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Washington Lawyer

Legal Spectator: The Case of the Would-Be Lawyer

From Washington Lawyer, July/August 2000

By Jacob A. Stein

spectatorI often think how easy it would be to enter the legal profession through a back door by just showing up in court with a client. Practicing law does not require the special talents that other professions do. One cannot very well be a musical impostor or a fake structural engineer. But someone who wants to be a lawyer can make a reasonable showing in court by using his wits and the legal platitudes picked up from a Grisham or Turow movie.

I assume that at any given time a number of would-be lawyers are appearing in court as duly licensed advocates. In times past I met two such people, one who got caught and the other who did not. The one who got caught had an appropriately formidable name for a legal impostor: Daniel Jackson Oliver Wendel (sic) Holmes Morgan. He was an ex-convict practicing in the District of Columbia in the 1960s under the name L. A. Harris. The facts appear in summary in Morgan v. United States, 114 U.S. App. D.C. 13, 309 F.3d 234 (1962), affirming Morgan’s conviction on 13 counts of forgery, perjury, and fraud. The opinion says that for some 14 months, Morgan falsely held himself out to be attorney Lawrence Archie Harris, a bona fide member of the District of Columbia Bar. The real Harris resided in California. Morgan, as Harris, made numerous appearances in the local courts representing defendants in criminal cases.

Among the issues submitted on appeal by Morgan/Harris after his conviction was his contention that although he was mentally competent to stand trial, he was legally incompetent to act as his own chief counsel. Although the court rejected the argument, it shows that Morgan/Harris still had the touch.

I met Harris in the days when he was trying serious criminal cases. He was gaunt, dressed in black, with a strikingly erect posture. His abrupt, exaggerated movements attracted attention. He had the intensity of a lawyer inflamed with warm zeal for his clients’ needs and with a zest for the law well beyond that of the legitimate members of the profession.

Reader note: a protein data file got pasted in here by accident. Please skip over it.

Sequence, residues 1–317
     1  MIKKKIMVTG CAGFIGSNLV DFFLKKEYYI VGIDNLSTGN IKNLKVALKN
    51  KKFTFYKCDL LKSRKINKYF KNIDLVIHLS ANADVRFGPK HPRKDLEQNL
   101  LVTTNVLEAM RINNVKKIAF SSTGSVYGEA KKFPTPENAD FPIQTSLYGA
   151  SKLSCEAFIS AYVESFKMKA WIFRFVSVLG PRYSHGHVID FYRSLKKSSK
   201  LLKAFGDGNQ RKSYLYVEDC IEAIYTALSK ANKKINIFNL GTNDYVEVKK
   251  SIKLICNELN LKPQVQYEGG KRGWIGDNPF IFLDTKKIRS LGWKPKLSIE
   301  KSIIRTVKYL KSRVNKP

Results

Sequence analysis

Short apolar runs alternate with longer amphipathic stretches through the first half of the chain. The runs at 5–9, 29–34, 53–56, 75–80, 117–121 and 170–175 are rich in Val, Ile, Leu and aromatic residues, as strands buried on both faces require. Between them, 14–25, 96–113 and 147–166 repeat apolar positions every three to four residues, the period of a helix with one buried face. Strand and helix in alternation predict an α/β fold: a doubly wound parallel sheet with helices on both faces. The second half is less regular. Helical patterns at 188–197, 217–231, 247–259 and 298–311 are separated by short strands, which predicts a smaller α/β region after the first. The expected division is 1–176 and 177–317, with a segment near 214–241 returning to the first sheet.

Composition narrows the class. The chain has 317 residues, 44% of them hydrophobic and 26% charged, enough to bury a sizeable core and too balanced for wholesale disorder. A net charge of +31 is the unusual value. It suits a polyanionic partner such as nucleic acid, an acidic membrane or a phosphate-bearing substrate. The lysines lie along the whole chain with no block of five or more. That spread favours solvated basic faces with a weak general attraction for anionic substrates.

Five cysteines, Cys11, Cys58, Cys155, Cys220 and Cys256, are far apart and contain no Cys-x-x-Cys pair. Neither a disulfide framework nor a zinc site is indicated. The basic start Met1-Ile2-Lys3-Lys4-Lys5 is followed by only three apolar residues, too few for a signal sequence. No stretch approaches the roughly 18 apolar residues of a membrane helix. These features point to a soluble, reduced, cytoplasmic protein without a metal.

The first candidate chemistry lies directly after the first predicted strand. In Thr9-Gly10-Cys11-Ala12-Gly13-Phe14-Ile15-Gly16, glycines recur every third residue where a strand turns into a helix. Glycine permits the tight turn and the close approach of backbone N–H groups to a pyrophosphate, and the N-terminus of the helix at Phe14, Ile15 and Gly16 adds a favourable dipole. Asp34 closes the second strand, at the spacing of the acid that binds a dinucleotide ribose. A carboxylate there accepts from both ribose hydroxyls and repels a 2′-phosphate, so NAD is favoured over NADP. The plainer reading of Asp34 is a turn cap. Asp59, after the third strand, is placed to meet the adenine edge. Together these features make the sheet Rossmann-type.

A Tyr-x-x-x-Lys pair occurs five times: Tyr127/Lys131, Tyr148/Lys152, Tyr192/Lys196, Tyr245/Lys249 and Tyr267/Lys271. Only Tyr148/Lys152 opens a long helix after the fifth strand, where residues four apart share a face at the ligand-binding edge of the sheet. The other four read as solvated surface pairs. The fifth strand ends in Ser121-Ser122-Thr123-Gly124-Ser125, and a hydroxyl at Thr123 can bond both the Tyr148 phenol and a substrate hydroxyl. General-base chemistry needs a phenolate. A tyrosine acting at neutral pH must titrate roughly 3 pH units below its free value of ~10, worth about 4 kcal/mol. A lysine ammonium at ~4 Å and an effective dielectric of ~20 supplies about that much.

I had a number of conversations with Harris. We spoke as lawyers do in the corridors of the courthouse about such things as the wisdom of putting the defendant on the stand in a criminal case and the unpredictability of clients who do take the stand.

In time I heard rumors about Harris. The gossip was that he had never attended law school and that he had done jail time. I heard that a prominent member of the criminal defense bar knew the real L. A. Harris and knew of Morgan’s using Harris’s identity. Then I heard that a prominent member of the bar had his Cadillac parked on 5th Street across the street from the courthouse and that Harris collided with the Cadillac, causing property damage. Harris carried no insurance. He defiantly refused to pay for the repairs. The prominent lawyer threatened to expose Morgan/Harris. He still refused to pay the property damage. A mistake. The story goes that the prominent lawyer dropped a hint to certain people in authority. The indictment, prosecution, and conviction followed.

How did Morgan/Harris define himself to himself? Was he saying that he had a gift for trying cases that he must test in court? Was he saying that he, without a formal education, was the match for those with years of academic training? Was he retaliating against the system? When he made an objection that was sustained by the court, when he obtained an acquittal (as he sometimes did), was his sense of accomplishment augmented by the thrill of the danger of getting caught?

There are surprisingly few decisions dealing directly with the question of whether a conviction must be upset when the defendant was unknowingly represented by a person disqualified from the practice of law. Our court of appeals decided in Harrison v. United States, 359 F.2d 214 (D.C. Cir. 1965), that the trial in which Harris represented a client in a first-degree murder case must be upset. New counsel for the defendant refused to move the District Court for a new trial. Counsel’s theory was that by moving for a new trial, counsel would be waiving the defense of double jeopardy. When counsel failed to act, the trial court vacated the judgment of conviction and overruled the double jeopardy defense. The case was retried and the defendant convicted for a second time, despite the presence of competent counsel.

The person who practiced without a license and who never got caught appeared around here in the 1950s. He carried on in the courtroom as an evangelical minister, making frequent references to the Bible. It had jury appeal. He obtained some big verdicts. His style compared favorably with Burt Lancaster playing Elmer Gantry.

The details of how he took his place in the profession by adverse possession became known to me by a series of coincidences. First, I met someone who knew him when he was a clergyman in the Midwest. Years later I met a person who shared an office with him. From that person I learned that the impostor’s wife had located the would-be lawyer. She threatened a suit for divorce in which she would spill the beans. Thereafter he disappeared.

The mystery that attaches to both these would-be lawyers is, how did clients find them? Why didn’t the clients find their way to lawyers who were not only competent but also licensed to practice? I think we all know by this time that clients are not the best judges of legal talent. And in some respects the impostor has an advantage over a licensed lawyer. The impostor can tell the client just what the client wants to hear. A licensed lawyer sometimes has trouble doing that.

Jacob A. Stein may be reached by e-mail at [email protected].